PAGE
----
While our physical offices are closed until at least April 13 due Austin's COVID-19 "shelter-in-place" order, the Handbook of Texas will remain available at no-cost for you, your fellow history enthusiasts, and all Texas students currently mandated to study from home. If you have the capacity to help us maintain our online Texas history resources during these uncertain times, please consider making a 100% tax-deductible contribution today. Thank you for your support of TSHA and Texas history. Donate Today »


Debbie Mauldin Cottrell

DEGOLYER, NELL VIRGINIA GOODRICH (1886–1972). Nell Goodrich DeGolyer, civic leader and philanthropist, was born in New Florence, Missouri, on November 11, 1886, the daughter of Hugh Gideon and Emma Virginia (Hatton) Goodrich. Her father, a teacher and later a dentist, and her mother, a teacher, moved the family to Norman, Oklahoma, in 1900 to give the children access to the University of Oklahoma. Nell, the oldest child, enrolled in the university at age fifteen and studied music under Fredrik Holmberg. She received a music degree in 1906 and a bachelor of arts in 1907. While a student at the University of Oklahoma, she taught in the music department and served as a teaching assistant in the German department, where she met Everette Lee DeGolyer, an engineering student. Nell encouraged Everette to continue his college work, even though it was frequently interrupted by oil-exploration business. On June 10, 1910, they were married in the Goodriches' Norman home. The DeGolyers immediately moved to Tuxpan, Vera Cruz, Mexico, where Everette pursued a highly successful career as a geophysicist. They returned briefly to Norman in 1911 for him to complete his bachelor's degree, then moved to Tampico, Tamaulipas. There Mrs. DeGolyer became active in charity and mission work and served as president of a local club for American women living in Mexico. Her musical talents were also utilized, as she played for a Methodist mission and gave piano lessons in her home. She remained with her husband in Mexico until 1913, when, pregnant and suffering from malaria, she returned to Norman. The couple's first daughter was born there; Everette DeGolyer rejoined his family when political relations between the United States and Mexico deteriorated.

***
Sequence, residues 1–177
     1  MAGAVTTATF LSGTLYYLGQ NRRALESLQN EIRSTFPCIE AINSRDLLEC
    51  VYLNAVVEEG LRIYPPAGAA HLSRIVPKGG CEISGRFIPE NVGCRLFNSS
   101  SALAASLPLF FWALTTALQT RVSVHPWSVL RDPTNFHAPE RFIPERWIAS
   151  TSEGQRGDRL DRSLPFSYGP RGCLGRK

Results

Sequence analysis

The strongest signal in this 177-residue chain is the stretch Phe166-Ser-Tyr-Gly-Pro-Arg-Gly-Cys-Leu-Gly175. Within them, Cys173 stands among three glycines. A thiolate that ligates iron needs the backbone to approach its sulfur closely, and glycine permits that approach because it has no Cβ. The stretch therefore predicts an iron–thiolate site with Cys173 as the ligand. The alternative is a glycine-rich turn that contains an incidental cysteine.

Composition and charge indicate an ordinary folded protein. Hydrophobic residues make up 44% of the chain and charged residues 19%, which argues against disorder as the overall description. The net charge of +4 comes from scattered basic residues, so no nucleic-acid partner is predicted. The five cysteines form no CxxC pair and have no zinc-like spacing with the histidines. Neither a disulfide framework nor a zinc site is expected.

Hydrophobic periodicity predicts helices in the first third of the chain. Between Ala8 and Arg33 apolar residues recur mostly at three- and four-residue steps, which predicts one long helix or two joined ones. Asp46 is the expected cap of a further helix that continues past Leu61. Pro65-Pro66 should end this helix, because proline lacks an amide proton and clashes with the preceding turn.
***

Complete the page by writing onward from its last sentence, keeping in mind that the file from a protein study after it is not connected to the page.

The DeGolyers traveled in Europe on the eve of World War I. Nell enjoyed observing the activities of militant suffragists in England at this time and was impressed with their commitment to civic involvement. Upon their return to the United States in 1916, the DeGolyers moved to Montclair, New Jersey, where three more children were born to them: two daughters and a son. While her husband pursued his oil interests in New York City, Nell became active in the League of Women Voters in New Jersey, but resigned from this nonpartisan group in 1928 to work for Herbert Hoover's presidential campaign. The DeGolyers remained in the Northeast until 1936, when they moved to Dallas to be closer to the East Texas oilfield and Everette's other business interests.